Of all the upsetting messages I anticipated from the controversial movie Unplanned, I didn’t think it would hold up a mirror and show me willfulness comes in all sizes and shapes. Whew . . . I can’t point a finger at pro-choice advocates without checking the three pointing back at me.
Not that I ran an abortion clinic!
She believed in a woman’s right to control her reproductive choices. So, did I, once.
Before she was born, though I changed my point of view on abortion.
But not my determination to have my own way on other matters, often beyond my control. So, the fingers pointing back to me are my well-intentioned, uninformed determination to change the world.
Choices We Both Made
Because she agreed that abortion should be legal, safe, and rare, in college she became a Planned Parenthood volunteer, in a sense defying her parents.
“Never trust a decision you don’t want your mother to know about. How’s that for a brilliant insight?”
― Abby Johnson
Her choices to work in the abortion industry were tied to her unwillingness to see what was the choices meant for babies, their families, and co-workers.
Honestly, I made many choices I didn’t exactly want my parents to know about either. And my willful blindness to the cost of my choices is as inexcusable. At the Cross, all the ground is level. And sinking.
The most compelling tie between Abby Johnson and me – the one that stung — was our determination to close our eyes to what we don’t want to see, if it impeded reaching our goals.
Chaucer Knew Me
Recovering English major that I am I thought of how Chaucer characterized one of his memorable heroines, the lovely Criseyde (Troilus and Creseyde). Bluntly, she was “sliding of courage,” when her lover’s life depended upon her.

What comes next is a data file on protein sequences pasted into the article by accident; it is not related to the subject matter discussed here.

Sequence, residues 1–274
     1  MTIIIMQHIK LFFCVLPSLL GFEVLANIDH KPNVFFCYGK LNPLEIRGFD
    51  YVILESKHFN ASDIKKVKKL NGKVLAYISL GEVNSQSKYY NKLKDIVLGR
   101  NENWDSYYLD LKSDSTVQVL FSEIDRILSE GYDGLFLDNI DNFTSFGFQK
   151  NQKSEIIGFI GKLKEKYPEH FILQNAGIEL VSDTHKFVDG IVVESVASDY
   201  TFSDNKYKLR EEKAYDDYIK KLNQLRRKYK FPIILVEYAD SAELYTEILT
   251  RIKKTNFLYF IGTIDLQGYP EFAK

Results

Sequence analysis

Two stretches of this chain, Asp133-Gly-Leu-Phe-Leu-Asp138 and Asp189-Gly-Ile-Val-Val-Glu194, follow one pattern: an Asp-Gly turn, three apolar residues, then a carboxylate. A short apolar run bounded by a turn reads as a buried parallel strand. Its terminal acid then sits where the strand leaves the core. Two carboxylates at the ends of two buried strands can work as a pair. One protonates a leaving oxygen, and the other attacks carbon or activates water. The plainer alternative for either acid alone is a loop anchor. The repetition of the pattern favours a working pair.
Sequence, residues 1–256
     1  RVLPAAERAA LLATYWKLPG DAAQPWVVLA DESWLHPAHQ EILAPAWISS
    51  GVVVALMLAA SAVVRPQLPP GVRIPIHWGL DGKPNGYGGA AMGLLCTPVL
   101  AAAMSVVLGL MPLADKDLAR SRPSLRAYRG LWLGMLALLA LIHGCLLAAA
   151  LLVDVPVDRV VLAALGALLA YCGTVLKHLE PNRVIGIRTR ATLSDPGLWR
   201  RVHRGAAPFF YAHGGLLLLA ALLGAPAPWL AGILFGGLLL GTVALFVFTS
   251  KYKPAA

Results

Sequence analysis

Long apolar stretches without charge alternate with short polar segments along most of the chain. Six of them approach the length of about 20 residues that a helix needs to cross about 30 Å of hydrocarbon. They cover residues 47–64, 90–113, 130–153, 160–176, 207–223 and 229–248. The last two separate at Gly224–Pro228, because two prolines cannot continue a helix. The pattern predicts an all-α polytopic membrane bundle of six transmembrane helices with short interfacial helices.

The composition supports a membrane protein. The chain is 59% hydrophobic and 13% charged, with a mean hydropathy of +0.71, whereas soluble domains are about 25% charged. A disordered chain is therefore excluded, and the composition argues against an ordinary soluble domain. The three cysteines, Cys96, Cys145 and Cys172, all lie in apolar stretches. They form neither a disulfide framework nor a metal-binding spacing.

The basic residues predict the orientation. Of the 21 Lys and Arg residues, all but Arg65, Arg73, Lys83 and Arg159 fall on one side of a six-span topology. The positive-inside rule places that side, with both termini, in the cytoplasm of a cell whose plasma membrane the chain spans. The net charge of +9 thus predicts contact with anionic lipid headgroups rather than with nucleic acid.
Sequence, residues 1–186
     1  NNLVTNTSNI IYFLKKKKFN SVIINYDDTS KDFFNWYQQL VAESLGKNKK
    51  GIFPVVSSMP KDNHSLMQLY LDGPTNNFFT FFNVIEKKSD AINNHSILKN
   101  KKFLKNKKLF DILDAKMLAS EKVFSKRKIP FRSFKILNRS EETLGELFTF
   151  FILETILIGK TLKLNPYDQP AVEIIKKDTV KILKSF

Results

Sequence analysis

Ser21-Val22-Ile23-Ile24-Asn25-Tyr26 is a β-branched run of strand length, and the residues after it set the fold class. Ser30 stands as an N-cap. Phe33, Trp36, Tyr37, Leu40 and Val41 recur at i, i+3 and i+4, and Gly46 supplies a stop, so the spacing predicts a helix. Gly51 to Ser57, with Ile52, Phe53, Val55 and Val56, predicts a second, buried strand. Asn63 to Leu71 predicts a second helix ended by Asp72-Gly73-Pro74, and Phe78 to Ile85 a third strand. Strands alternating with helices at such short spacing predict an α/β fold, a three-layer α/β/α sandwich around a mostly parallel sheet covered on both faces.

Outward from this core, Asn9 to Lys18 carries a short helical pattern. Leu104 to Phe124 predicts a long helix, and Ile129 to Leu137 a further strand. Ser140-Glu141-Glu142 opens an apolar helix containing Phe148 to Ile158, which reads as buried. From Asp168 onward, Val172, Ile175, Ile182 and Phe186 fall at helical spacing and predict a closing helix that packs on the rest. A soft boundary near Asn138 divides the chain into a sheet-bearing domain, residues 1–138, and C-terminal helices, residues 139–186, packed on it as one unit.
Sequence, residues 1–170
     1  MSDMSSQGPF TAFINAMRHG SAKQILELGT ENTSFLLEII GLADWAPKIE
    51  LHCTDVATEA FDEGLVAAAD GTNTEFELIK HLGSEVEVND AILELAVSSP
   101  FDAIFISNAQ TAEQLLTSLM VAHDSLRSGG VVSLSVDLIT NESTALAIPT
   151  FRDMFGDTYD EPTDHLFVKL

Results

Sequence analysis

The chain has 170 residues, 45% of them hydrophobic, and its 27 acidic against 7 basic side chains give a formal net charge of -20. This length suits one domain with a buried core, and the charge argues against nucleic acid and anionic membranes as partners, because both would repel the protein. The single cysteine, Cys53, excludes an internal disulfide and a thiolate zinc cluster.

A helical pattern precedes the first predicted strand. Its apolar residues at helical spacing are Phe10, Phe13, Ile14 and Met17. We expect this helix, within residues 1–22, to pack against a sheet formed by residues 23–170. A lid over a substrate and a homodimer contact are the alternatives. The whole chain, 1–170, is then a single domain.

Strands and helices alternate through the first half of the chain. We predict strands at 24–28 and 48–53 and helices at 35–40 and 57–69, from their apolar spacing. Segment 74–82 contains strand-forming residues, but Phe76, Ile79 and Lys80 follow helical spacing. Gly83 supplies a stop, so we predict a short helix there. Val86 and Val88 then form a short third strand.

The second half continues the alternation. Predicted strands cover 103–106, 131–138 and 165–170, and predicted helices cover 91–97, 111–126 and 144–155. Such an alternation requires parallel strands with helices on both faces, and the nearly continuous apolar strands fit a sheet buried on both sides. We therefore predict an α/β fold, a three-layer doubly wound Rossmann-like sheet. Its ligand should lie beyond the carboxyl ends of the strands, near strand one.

Unplanned reminded me of the times when my courage slid – and can still slide.
Not that anybody’s life depended upon it . . .
Chaucer’s pithy description, “sliding of courage,” which sounds better than coward, nailed me. It captures so well why I do what I know I shouldn’t, and don’t do what I know should and could.
Sometimes I wonder if cowardice is more the main ingredient in clinic harassment, than moral indignation. We don’t have the time or courage to do what the “protestors” who succeeded in stopping abortion at the clinic did. They prayed and showed kindness, for years.
That’s the good news for both Abby and me: people were praying, for her and for me.
Yes. It took awhile.
I hope Unplanned upsets many and changes more minds – and reforms legislation.
Unplanned upset me because I saw myself blind and sliding of courage too many times.
The good thing though is that the God who opened Abby’s eyes to a little baby fighting for their life, opened mine, showing me in His time how to check my eyesight. (Psalm 119:18)
Seeing better, now might be a good season to test my hearing. Wait . . Do I Hear a Rooster?